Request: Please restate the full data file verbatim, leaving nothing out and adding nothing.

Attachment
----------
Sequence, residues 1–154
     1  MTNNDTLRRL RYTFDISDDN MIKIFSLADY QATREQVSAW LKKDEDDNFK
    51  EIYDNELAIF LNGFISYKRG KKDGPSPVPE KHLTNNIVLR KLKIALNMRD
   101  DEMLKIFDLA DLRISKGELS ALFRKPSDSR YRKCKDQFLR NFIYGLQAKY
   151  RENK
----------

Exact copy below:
Sequence, residues 1–154
     1  MTNNDTLRRL RYTFDISDDN MIKIFSLADY QATREQVSAW LKKDEDDNFK
    51  EIYDNELAIF LNGFISYKRG KKDGPSPVPE KHLTNNIVLR KLKIALNMRD
   101  DEMLKIFDLA DLRISKGELS ALFRKPSDSR YRKCKDQFLR NFIYGLQAKY
   151  RENK